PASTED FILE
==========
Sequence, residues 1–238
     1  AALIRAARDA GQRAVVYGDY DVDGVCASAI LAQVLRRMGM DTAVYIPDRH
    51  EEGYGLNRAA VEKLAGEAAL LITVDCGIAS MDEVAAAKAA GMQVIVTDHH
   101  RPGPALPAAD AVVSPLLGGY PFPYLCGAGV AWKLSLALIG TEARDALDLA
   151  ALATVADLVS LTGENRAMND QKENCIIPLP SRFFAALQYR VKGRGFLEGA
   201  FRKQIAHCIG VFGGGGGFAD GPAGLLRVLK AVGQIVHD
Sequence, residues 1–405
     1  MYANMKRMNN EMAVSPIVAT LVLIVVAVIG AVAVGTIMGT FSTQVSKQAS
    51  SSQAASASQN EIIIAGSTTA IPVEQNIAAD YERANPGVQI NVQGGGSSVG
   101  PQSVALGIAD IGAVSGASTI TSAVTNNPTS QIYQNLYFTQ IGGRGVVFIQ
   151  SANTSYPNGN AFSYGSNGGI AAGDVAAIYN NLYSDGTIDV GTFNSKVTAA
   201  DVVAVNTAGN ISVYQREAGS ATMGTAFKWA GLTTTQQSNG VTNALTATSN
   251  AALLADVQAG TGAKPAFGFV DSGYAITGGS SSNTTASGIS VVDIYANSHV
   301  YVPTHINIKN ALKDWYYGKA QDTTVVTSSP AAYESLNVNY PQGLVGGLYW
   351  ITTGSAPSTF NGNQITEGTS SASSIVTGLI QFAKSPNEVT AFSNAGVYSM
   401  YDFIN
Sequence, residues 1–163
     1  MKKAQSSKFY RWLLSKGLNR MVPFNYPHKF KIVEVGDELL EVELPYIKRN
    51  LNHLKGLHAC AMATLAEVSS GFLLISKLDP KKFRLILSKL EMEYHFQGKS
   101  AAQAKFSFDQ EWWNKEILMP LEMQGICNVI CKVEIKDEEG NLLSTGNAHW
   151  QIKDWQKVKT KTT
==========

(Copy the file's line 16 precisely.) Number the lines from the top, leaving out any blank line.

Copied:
   401  YDFIN